top of page



On September 1st, 2013, our little boy entered the world. Little did we know that our life was literally going to be turned upside down and very fast. After the doctors examined Colton, they came and told us that he was very floppy. I remember saying, "of course he is, he was just born." The doctor said, "no, he's very floppy like a ragdoll, and we need to transfer you both to another hospital that has a pediatric ward." So we got transferred to another hospital where they also didn't know why my baby was so floppy. They ended up sending us to The Hospital of Sick Children in Toronto. At that point, I knew something was very wrong as you only go to Sick Kids when it's something major. Once the ACTS (Acute Care Transport Service) from Sick Kids got to us, Colton stopped breathing. Right before our eyes, the ACTS team was doing CPR on our 6-hour old baby. Once he was stable, they took him to Sick Kids, and he was admitted to the NICU.

Once at Sick Kids, they ran a bunch of tests, one being a genetic test. A week later, we got a diagnosis. Wolf-Hirschhorn Syndrome (WHS/4p-).

It's a very rare genetic disorder, affecting 1 in every 50,000 live births. I read somewhere that your odds of being a pro athlete are twice as good as your odds of having WHS. I had never even heard of it myself until my own son was diagnosed. Those affected with Wolf-Hirschhorn Syndrome have global developmental disabilities, multiple health problems, overall susceptibility to illness, and fragile general health that WHS individuals possess. They also have a questionable lifespan. A third of affected individuals will not live to see their 1st birthday. Another third then do not make it to their 2nd. For those who do survive those tenuous first two years, death in childhood is still common. Those who are fortunate make it to their teens. Those who are even more fortunate make it into their 20’s. Those that are truly fortunate make it into their 30’s. After that, the numbers drop dramatically. We never know what may take our children or when, but the possibility is always looming. This is the reality we live with every day. I opt not to actively think about it most of the time, as it is too painful, it will not save him, and it is a waste of the precious time I have with him.

I remember sitting there crying when we got his diagnosis; I knew my vision of motherhood was going to be completely different than what I first thought it would be for myself. Not knowing his syndrome, being so rare, I had to turn to Google. Not the best of decisions on my part. I had to grieve for my newborn boy, not knowing what the future would hold for him and, in turn, try to be the most supportive, nurturing mother. All I had for this little boy was my unconditional love, and no one was going to take him away from me. One of the doctors at Sick Kids probably knew I was feeling this way and told me to read the poem: Welcome to Holland.

Colton stayed at Sick Kids for two months. Mostly to work on his feeding. He wouldn't take a bottle or breast milk, so they inserted a Gtube (feeding tube) when he was a month old. He is fed every 2 hours to make sure he gets all his necessary calories. Once he got home from the hospital, it would be just my husband and I. The real test. No nurses, no doctors, no backup. I felt helpless, but I knew I had to power through all my emotions as this beautiful little boy was counting on me.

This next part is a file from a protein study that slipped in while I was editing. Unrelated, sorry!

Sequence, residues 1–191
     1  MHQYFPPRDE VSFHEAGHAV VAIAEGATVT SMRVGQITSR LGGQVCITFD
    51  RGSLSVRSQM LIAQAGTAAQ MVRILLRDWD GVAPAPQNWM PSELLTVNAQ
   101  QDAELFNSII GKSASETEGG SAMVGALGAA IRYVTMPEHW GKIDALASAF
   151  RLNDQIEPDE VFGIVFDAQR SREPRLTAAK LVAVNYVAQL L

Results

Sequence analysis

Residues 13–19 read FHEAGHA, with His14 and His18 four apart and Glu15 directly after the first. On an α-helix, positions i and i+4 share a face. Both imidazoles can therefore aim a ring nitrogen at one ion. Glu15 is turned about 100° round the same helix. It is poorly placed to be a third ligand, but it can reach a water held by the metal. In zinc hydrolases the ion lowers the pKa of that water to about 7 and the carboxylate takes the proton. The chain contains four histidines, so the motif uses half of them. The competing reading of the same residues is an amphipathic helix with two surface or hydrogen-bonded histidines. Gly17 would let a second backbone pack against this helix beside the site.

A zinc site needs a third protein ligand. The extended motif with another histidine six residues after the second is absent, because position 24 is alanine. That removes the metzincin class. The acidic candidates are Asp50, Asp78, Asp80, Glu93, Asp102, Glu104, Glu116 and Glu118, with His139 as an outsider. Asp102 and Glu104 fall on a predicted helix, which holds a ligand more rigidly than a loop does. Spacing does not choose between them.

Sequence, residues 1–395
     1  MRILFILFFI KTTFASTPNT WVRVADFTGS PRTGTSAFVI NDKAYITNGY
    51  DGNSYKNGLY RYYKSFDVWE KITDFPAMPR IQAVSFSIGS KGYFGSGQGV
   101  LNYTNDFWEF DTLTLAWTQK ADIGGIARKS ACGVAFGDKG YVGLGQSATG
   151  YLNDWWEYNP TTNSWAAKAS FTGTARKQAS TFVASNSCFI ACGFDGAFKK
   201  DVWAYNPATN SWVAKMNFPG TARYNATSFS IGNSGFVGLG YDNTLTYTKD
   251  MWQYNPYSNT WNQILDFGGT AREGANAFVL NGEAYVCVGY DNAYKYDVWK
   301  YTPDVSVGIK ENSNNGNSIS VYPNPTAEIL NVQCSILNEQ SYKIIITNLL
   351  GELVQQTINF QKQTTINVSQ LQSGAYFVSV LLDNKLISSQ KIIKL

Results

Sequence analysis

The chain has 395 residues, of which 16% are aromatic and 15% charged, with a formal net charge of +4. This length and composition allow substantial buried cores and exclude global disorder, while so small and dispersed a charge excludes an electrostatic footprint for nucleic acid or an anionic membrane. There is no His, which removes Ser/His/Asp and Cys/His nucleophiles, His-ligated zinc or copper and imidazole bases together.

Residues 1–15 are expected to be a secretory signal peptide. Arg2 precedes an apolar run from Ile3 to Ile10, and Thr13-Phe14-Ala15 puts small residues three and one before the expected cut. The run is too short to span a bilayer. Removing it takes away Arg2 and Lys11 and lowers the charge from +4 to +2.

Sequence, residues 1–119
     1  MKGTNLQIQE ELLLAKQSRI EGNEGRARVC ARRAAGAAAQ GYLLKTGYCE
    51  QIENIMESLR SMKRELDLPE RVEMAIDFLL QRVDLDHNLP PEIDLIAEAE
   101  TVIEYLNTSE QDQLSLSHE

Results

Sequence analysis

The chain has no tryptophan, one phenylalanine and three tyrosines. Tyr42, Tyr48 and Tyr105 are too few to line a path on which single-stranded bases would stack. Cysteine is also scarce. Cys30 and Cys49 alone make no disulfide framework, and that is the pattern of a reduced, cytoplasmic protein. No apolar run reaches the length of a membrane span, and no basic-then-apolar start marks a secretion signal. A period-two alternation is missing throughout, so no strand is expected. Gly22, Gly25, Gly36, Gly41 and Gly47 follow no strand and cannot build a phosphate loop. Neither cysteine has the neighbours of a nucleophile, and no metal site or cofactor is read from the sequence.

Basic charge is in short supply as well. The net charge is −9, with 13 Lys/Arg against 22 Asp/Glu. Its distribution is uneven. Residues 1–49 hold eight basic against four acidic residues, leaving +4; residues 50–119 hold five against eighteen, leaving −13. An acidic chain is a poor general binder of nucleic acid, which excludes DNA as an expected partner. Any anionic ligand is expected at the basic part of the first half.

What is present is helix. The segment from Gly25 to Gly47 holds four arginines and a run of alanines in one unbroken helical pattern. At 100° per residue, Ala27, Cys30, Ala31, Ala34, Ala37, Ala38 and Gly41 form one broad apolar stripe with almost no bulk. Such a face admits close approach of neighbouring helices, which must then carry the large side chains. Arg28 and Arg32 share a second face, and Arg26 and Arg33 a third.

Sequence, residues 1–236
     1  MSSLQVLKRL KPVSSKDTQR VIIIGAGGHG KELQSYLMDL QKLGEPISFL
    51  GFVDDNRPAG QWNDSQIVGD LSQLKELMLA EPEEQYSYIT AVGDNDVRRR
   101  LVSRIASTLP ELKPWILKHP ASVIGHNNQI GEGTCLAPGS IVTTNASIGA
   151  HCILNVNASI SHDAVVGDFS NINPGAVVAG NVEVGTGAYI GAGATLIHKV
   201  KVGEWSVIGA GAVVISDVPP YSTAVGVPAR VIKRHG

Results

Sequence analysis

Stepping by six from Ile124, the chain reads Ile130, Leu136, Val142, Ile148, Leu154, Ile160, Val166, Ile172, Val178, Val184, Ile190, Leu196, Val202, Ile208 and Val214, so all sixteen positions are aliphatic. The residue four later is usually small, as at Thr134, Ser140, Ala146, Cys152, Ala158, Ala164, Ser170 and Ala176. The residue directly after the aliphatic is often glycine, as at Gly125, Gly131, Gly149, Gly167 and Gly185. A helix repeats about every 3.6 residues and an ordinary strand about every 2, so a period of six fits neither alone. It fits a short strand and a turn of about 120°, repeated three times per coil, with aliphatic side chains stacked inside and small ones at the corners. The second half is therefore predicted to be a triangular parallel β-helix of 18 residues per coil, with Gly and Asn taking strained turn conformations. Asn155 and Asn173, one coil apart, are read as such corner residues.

Some of the symptoms that Colton has in regards to WHS/4p- are as follows:

Seizures occur in over 90% of WHS children. Colton does suffer from seizures. His longest one to date has been 2 hours long. Doctors had to sedate and insert a breathing tube to administer medication to stop him from seizing. He has hypotonia (low muscle tone), so even though he walks, he gets very tired fast, so on long walks and adventures, we use his wheelchair. He has a coloboma in his right eye, which doesn't dilate, making it sensitive to light. He is non-verbal but is a great communicator by using his gestures, some sign language and his communication device.

At three months old, we started occupational and physical therapy, and seven years later, it's still part of our lives. At the age of 2 years old, speech therapy was also introduced. With the help of OT and PT and A LOT of hard work, Colton was able to prove the doctors wrong. At 15 months old, he was able to sit up on his own. At two years old, he was standing and bearing weight on his legs and just before his 5th birthday; he started to walk.

Colton is such a social little guy who loves going to school. His favourite things are music, dancing and reading. He only plays with one certain type of toy, school busses. He has quite the collection. Colton gets all his nutrition fed by Gtube, but on occasion, he does eat orally as long he is in the mood to eat (which isn't very often). Everything he eats orally has a very smooth texture. His favourite foods are yogurt, apple sauce and ice cream. Colton, now, just shy of his 7th birthday, is the happiest little boy, and I wouldn't go back and change anything. He has made me the strongest person; I never thought I would be. And for that, I thank him every day.

We are so grateful for the incredible, generous donations from businesses and citizens within the City of Guelph and surrounding areas. Without those donations, children like Colton would not be able to receive such wonderful gifts that normally would not be feasible for most families. Colton has yet to use his wish from Guelph Wish Fund, but I'm sure that Colton will make the best wish possible when the time is right. Personally, I would like to thank each and every person and business who has donated to this incredible charity. From the bottom of our hearts, THANK YOU. ❤

-Brent and Natalie

Recent Posts

See All




Commenting has been turned off.
bottom of page